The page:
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Re: thoughts on grep/quickfix grep/location list interaction, doc patch

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  • Britton Kerin
    ... I missed this :cnf command, thanks for pointing it out. ... Maybe I was a little harsh. I ve always found vim s grep interface *almost* good enough that I
    Message 1 of 6 , Sep 3, 2010
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      On Wed, Sep 1, 2010 at 11:39 PM, Gary Johnson <garyjohn@...> wrote:
      > On 2010-08-31, Britton Kerin wrote:
      >> Hello,
      >>
      >> I only fairly recently found out about :copen :lopen etc.  Some snippets using
      >> them are popular on vim_use:
      >>
      >>     http://groups.google.com/group/vim_use/browse_thread/thread/211ed834076e7526/9f756b498db39636?lnk=gst&q=Run+lgrep+then+immediately+#9f756b498db39636
      >>
      >> At minimum, I think these commands deserve a pointer from the grep section
      >> of quickfix.txt.  It can take years to find them otherwise.  I've attached
      >> a patch which does this and also includes a command example.  I think
      >> its worth including, because for me (and apparently some others at least)
      >> the default :grep (and :lgrep and :helpgrep) behavior is somewhere between
      >> painful and unusable.  In the past I've usually just ended up using the shell.
      >>
      >> Also, :grep! is usually more useful than :grep.  Jumping to the first error
      >> usually makes sense when compiling but usually doesn't when grep'ing.  One does
      >> in theory get led to a description of the !-form functionality when reading
      >> the :grep documentation, so I'm not sure the docs can be regarded as needing
      >> fixing.  But :grep! does make things behave better and odds are many people
      >> don't find out about it.  The attached patch helps with this issue as well.
      >>
      >> There are two other problems I have with the way grep works in vim (and most
      >> other editors for that matter):
      >>
      >>  * Its not easy to filter the grep results.  When a user needs to grep it
      >>    usually means:
      >>
      >>       a. the project is biggish
      >>
      >>       b. they have little idea where the occurences they are interested
      >>          in are located, and
      >>
      >>       c. there are likely multiple file types involved.
      >>
      >>    This means that much of the output of the grep is going to be
      >>    uninteresting.  One can go back and change the file list, but its usually
      >>    a hassle to get the list just right.  This is enough of a trouble for
      >>    me that I often end up going to the terminal and tacking on a bunch of
      >>    '| grep -v "junk_pattern"' things until I get what I want.
      >>
      >>  * Support for context is poor.  A single line is often not enough,
      >>    but putting '-C 1'  in 'grepprg' makes :cn ~200% slower.
      >>
      >> I have a module that fixes these issues for me though its pretty messy
      >> and fragile as it depends on slicing up, saving, :cgetfile'ing, reparsing,
      >> and re-presenting the error file.
      >>
      >> I just mention them because they are issues I'd love to see vim address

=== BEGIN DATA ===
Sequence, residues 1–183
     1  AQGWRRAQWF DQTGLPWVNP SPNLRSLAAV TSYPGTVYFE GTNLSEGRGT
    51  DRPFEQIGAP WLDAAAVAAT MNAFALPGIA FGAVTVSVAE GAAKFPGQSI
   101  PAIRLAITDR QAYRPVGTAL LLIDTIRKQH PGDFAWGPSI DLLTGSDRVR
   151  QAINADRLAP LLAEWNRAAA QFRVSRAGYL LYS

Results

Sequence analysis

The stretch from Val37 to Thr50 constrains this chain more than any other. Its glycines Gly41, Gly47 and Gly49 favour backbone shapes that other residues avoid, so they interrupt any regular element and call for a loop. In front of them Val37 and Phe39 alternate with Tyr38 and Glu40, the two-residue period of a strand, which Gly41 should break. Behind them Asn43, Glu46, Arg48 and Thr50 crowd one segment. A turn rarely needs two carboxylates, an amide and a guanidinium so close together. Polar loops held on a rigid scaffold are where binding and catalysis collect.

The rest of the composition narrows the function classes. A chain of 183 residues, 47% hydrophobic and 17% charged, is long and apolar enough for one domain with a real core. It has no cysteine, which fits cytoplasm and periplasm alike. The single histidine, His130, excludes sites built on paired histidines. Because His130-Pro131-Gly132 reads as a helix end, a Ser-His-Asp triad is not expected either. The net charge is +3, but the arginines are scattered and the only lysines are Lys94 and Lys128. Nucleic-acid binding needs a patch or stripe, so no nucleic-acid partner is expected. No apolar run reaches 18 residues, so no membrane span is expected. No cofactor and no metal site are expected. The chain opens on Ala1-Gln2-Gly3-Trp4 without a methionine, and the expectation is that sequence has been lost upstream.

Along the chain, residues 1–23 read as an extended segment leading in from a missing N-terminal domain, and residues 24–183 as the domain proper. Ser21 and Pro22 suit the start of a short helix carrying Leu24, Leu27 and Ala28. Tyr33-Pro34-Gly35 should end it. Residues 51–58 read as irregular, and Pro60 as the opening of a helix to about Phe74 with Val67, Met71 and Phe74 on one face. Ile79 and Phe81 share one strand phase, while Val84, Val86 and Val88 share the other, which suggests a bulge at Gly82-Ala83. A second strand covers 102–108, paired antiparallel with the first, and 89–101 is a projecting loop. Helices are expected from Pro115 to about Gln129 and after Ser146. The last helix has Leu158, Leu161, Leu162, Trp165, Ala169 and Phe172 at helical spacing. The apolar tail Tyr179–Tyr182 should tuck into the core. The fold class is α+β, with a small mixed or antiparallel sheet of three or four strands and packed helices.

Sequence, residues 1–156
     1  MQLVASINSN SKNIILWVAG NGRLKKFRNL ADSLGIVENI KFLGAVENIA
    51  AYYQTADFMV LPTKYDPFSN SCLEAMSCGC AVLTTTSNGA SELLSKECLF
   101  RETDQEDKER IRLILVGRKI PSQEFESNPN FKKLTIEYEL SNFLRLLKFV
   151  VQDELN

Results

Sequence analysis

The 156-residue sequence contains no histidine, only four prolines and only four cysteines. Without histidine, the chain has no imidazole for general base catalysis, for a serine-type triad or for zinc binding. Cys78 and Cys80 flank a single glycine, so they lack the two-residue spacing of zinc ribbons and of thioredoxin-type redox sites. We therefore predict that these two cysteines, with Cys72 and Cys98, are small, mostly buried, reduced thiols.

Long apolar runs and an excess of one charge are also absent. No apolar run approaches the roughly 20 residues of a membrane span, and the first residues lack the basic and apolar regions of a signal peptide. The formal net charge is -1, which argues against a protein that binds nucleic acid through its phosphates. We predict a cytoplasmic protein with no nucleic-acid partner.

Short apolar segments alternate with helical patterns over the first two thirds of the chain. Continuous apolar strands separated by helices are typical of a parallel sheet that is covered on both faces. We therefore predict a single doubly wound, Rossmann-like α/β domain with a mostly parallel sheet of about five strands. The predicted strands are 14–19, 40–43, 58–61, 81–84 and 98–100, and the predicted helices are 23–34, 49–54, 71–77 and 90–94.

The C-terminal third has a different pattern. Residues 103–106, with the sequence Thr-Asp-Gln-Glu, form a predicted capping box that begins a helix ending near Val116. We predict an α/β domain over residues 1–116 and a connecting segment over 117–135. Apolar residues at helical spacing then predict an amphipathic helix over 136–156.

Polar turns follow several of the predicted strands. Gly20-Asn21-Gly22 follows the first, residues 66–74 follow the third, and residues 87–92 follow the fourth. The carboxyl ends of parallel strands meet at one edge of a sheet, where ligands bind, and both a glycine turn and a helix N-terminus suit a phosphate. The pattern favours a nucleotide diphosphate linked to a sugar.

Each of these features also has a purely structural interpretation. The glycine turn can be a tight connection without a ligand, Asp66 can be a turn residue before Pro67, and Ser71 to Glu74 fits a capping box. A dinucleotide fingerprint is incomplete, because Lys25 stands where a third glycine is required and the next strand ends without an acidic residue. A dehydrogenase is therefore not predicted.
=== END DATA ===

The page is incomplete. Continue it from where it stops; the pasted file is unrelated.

>> properly someday.
      >
      > Just to present the other side of some of your issues:
      >
      > 1.  I never use :grep!.  When I :grep for something, I want to see
      >    all occurrences of it in the context of the files in which it is
      >    found, so I want to immediately jump to the first match.  I
      >    often start :grep as
      >
      >        :new | grep ...
      >
      >    so that the matching files are opened in a new window.
      >
      > 2.  I agree that the default commands for traversing the quickfix
      >    list can be painful.  I have ^N and ^P mapped to :cn and :cp
      >    respectively so that jumping from one match to the next is a
      >    breeze.
      >
      > 3.  If the output of a :grep command contains too many undesired
      >    hits, use a better pattern or use the --include and --exclude
      >    options to grep to limit the files searched.  If you find a lot
      >    of hits in one file that you know aren't going to be
      >    interesting, use :cnf to skip that file.

      I missed this :cnf command, thanks for pointing it out.

      > 4.  A little context for the matches would be nice, but again,
      >    traversing the quickfix list with the ^N and ^P mappings is
      >    fast and provides a full screen of context.
      >
      > Vim's :grep facility is not perfect, but I don't think it's as bad
      > as you say, either.

      Maybe I was a little harsh. I've always found vim's grep interface
      *almost* good enough that I wanted to use it.

      Britton

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    • Britton Kerin
      ... Me too, but apart from the speed win and the not indexing a lot of file types issue it works like grep. ... Hmm, I wonder how these are to use from the
      Message 2 of 6 , Sep 3, 2010
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        On Thu, Sep 2, 2010 at 5:30 AM, Marc Weber <marco-oweber@...> wrote:
        > Y usually copy the results of the quickfix window into a new buffer and
        > then use :g or :v or or the like to keep the lines I'm interested in (I
        > mapped this "filter lines") so its very fast for me.
        >
        > For huge projects I don't use grep - I use gnu id utils for speed
        > reasons.

        Me too, but apart from the speed win and the not indexing a lot of file
        types issue it works like grep.

        > Writing additional filters can be done easily. See setqflist() and
        > getqflist()

        Hmm, I wonder how these are to use from the embedder perl interpreter :)

        Britton

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